At our last allergist visit, they ran the numbers on a number of varieties of beans and many were Class 0, with values like 0.68. My son's doctor thought it was reasonable to try these at home.
He has avoided all beans since around age five, when he started developing new allergies. First it was tuna. Then cashews. Then (to our great surprise), he suddenly became allergic to garbonzo beans, something he had eaten very regularly through toddlerhood. Then it was sugar snap peas. Green beans. Baked beans (a particularly scary reaction that happened at his aunt's house, out of town, without medication in hand). The doctor actually thought it was possible he had something called "idiopathic anaphylaxis" at the time - reactions from unknown causes. However, after we kept a careful journal and did some testing and even in-office challenges, it became apparent he had developed a bean allergy.
At that point, we just started avoiding all beans and peas, which our doctor thought was reasonable. It turns out that 1 in 20 kids can have an allergy to a seed protein that's shared between bean species. If my son had that type of allergy, it was possible even more bean sensitivities would surface.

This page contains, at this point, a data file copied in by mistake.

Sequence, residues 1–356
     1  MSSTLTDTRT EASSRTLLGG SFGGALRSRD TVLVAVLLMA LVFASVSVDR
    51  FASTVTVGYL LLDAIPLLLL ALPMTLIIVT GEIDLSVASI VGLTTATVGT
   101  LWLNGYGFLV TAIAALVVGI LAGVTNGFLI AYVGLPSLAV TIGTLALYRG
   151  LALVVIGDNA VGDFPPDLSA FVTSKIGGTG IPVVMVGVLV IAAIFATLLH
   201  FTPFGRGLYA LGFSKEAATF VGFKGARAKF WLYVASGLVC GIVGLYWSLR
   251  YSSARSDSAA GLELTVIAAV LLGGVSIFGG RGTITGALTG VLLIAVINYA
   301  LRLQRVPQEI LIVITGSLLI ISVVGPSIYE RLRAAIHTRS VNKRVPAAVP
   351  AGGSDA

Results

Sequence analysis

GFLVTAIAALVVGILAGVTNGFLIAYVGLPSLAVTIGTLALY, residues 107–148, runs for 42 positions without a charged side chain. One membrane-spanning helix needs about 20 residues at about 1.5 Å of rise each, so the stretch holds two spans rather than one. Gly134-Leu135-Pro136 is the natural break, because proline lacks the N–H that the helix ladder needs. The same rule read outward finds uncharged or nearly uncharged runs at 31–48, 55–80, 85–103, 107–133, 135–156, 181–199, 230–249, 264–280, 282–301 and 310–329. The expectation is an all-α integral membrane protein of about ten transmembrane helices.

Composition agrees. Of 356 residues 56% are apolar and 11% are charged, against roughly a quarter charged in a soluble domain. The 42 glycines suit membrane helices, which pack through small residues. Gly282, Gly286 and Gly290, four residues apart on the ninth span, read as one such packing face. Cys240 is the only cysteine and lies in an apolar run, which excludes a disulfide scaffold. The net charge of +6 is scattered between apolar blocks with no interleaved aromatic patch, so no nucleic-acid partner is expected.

We followed the same protocol as in the office: start with 1/4 of a bean and double the amount every 20 minutes until he reaches several Tbsps. of the food. The hardest part is that he has to discontinue his antihistamine for 7 days before.
We introduced kidney beans and my son had no problem during the challenge. However, the next day, he threw up after eating chili with kidney beans. A couple days following - exact same result. We all sighed and put it back on the list of foods to avoid.
This time, thankfully, things were different. Both pinto beans and cannillini beans went off without a hitch.
Did my son really outgrow beans this time? Might the FAHF-2 have helped? Or were we just avoiding two varieties that he could have tolerated all along? We don't know.
It's also early days with beans. We could have the same experience as several years back, where he succeeded in the challenge but really can't tolerate beans in his diet.
My husband had a gleam in his eye last night. He said to me for the first time "do you ever wonder if he's just not allergic to anything any more except peanut?" Yes, I wonder. It's time to do an open milk challenge and find out.
Yes, I'm grateful. Happy Thanksgiving to all of you celebrating this week!
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